Tuesday, July 13, 2010

I Wonder...(feedback welcomed!)

Short post, but some nagging questions that've been on my mind...

How can project-based/student inquiry-based teaching and learning apply to the primary grades (PreK, Kindergarten, First, and Second grades)?

And how do you assess students through self-assessment at this young age? I suppose this depends on your philosophy, but how well can we rely on these students' interests and desires to drive our teaching at this point in their lives?

At what age level do students have the ability to effectively self assess and utilize critical thinking skills? Is there a way to cultivate these dispositions?

I would REALLY appreciate any thoughts people have on this!!!

1 comment:

  1. Maybe self-assessment at this age means videotaping conversations/interviews with the students (alone or in small groups) to talk about work they've done... for example if they drew a picture to represent how a piece of a music makes them feel, you could then guide them with questions to describe why they made the decisions they did. You could create a sort of video journal over time, to track learning over the year, or with a particular concept or project.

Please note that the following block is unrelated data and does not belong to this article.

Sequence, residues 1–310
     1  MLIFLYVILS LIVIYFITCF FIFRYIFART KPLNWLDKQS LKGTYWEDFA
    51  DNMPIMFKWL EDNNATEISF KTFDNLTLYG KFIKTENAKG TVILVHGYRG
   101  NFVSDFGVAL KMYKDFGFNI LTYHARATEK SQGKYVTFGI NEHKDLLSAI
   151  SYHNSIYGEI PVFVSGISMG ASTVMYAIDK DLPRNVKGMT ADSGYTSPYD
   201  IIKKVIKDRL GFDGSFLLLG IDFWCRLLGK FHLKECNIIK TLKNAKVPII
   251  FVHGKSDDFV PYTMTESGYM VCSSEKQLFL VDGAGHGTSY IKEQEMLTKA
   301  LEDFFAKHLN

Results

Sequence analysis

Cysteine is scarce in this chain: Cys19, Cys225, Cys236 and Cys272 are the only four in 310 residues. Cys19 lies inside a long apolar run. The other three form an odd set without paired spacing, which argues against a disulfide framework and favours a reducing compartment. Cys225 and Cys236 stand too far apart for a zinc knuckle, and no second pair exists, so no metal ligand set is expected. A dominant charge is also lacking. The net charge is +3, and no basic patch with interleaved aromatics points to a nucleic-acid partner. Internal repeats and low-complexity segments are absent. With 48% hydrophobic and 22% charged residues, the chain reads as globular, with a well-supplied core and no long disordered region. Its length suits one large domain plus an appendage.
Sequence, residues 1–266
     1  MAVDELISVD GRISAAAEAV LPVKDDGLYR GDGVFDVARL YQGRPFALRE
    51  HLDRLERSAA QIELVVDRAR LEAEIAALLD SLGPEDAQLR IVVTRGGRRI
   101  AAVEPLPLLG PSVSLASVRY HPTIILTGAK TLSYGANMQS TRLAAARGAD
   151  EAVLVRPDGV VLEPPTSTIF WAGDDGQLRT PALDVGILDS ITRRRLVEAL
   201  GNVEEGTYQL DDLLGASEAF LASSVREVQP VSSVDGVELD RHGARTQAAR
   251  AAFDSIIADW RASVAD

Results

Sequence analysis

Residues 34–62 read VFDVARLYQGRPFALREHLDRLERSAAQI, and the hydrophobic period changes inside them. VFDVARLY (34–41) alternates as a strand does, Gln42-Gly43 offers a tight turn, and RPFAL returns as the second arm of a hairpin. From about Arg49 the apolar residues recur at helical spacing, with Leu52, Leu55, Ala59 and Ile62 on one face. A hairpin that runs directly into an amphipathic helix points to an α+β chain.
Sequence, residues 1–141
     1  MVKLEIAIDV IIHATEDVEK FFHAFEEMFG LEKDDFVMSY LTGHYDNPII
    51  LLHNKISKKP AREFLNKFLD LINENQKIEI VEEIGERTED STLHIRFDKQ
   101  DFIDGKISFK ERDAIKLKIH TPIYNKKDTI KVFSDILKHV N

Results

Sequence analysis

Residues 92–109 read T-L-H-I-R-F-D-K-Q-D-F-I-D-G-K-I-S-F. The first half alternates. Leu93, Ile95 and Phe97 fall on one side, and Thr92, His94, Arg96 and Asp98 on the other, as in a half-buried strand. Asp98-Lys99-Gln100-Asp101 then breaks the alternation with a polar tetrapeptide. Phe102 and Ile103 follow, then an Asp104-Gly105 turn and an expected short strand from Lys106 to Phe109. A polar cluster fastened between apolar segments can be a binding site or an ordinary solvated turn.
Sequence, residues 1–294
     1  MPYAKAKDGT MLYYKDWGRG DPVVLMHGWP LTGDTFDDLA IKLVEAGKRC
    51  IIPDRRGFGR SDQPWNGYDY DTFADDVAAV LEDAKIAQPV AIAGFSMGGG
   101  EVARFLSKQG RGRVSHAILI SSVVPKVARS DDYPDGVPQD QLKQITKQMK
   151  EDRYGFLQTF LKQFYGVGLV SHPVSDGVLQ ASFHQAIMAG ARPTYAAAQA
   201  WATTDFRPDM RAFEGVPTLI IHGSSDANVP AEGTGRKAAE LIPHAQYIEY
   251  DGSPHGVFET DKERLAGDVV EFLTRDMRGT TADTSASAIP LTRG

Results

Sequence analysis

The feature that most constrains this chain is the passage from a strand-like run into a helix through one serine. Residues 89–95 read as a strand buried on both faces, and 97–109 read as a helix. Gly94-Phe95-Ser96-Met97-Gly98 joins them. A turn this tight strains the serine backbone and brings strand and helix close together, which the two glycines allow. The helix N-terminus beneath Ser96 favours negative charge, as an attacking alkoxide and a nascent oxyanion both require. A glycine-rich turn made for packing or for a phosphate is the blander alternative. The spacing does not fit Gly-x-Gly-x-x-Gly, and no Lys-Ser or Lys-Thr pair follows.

I also think this is one of the best ages to encourage exploratory/discovery learning. What is sound? How can they create music without instruments? With "found sounds"? With a new instrument? They're unafraid of improvisation... see what ideas you get from them!

    I had my Kindergartners start each class by choosing any instrument in the room for every student to play. They had plenty of their own ideas on the piano, and I would ask listeners what their style/songs made them imagine or made them feel. They are quite insightful at this age. you'd be surprised! And I scaffolded a bit with the glockenspiel day, asking students to improvise what they thought a lullaby would sound like, then gave a glock to a second student and asked them to partly imitate and/or answer the first lullaby with their own.

    Endless possibilities... but you can start with them! They're FULL of ideas!